Feb 17 2008

Politics: Should telecommunications companies receive immunity for their participation in government surveillance programs?

Published by at 4:00 pm under Politics

Should telecommunications companies receive immunity for their participation in government surveillance programs?

We live in interesting times. We have the ability to monitor almost any traffic in an effort to try and prevent almost any form of terrorist attack. We could line our streets with cameras and pay citizens to watch for any sign of trouble and report it to the proper authorities. If we wanted to, we could execute anyone caught contributing to terrorism in any way. Surely that would stop it, right? Surely we would justify such actions by weighing the cost in human life of executing criminals versus the countless innocent lives lost in countless acts of terrorism. Sounds plausible to me.

The only problem with such a notion is that it violates the principles of freedom upon which this country was founded. Believe me, I really hate to use the “our fathers” argument. It’s really the only thing that seems to pack a punch, though. Our forefathers (and mothers) believed in us, but more than that, they believed in freedom. They knew that freedom isn’t free. They knew that it must be fought for, and at times requires the loss of life. Sometimes I think that there are few things we today would risk our lives for, but they did it without thinking twice because they believed in freedom.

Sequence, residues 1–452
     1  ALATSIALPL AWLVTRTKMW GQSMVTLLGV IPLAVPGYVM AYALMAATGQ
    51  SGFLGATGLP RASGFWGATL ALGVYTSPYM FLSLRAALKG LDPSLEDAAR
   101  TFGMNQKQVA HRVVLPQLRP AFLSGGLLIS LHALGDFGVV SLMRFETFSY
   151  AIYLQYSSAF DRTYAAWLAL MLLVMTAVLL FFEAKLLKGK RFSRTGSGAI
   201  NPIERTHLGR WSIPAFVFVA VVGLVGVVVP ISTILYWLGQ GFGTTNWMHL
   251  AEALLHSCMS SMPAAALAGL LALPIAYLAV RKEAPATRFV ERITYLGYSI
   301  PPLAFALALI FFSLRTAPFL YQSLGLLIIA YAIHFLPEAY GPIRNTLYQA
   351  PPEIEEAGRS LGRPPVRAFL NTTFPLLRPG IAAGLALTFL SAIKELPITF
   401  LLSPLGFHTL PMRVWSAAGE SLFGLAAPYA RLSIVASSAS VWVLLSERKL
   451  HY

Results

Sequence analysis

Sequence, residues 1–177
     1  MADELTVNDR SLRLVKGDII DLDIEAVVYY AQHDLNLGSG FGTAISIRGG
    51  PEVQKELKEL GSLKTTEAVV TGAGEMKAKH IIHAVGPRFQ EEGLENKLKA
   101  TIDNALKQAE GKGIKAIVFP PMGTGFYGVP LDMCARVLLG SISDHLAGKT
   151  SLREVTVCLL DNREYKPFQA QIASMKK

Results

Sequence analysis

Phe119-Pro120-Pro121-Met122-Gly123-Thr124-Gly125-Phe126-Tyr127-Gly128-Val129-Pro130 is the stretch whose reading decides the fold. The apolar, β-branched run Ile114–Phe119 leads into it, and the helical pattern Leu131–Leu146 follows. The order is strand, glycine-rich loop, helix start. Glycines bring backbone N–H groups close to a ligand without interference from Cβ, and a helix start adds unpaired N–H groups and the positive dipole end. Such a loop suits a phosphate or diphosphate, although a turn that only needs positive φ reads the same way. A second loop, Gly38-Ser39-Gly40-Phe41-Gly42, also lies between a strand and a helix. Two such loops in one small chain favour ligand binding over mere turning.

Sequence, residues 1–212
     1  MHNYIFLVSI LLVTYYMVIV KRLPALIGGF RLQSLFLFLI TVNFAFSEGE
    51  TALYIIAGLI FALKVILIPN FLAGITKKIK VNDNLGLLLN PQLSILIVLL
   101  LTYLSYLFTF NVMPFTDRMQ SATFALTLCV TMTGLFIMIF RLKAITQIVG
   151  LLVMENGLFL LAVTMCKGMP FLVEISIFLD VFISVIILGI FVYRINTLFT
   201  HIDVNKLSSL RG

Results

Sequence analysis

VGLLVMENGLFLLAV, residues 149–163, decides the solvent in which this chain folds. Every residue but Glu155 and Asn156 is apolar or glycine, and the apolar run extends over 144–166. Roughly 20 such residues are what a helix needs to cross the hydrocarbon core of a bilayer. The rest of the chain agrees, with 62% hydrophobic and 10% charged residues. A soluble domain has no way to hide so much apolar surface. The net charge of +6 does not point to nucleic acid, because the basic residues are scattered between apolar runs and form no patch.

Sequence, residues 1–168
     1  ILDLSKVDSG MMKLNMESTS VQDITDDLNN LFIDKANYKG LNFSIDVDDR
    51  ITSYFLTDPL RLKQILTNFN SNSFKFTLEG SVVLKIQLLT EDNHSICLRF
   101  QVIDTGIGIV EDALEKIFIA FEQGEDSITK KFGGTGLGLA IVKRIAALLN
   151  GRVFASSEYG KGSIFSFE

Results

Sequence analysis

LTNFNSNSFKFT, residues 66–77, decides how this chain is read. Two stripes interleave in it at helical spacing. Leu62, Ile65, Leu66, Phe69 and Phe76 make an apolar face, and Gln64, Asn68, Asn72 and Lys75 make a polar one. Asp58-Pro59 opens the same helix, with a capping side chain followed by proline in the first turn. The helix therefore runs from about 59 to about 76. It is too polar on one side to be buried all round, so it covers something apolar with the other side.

I’m less concerned about the telecom companies having immunity for it than I am with the government itself having immunity. Who holds the watcher’s watchers responsible for their actions? Whether we live in a free society or a police state, the cost of freedom is still the occasional loss of life. Either abide by the law or change it by legal means. Don’t give retroactive immunity because it creates divisiveness and encourages anarchy.

2 responses so far

2 Responses to “Politics: Should telecommunications companies receive immunity for their participation in government surveillance programs?”

  1. Kenny Holmeson 28 Feb 2008 at 5:25 am

    Adam, you bring many good points to the table on this matter… I think you are onto something!

  2. Gibuon 18 Apr 2008 at 8:07 pm

    I say we blame the FCC and take censorship out of the picture alltogether!!! but what you say about surv…..serv……watching me while I am doin stuff, thats bad, and wrong, blame the company heads only not the employeees cause they are like the ones just doin the jobs

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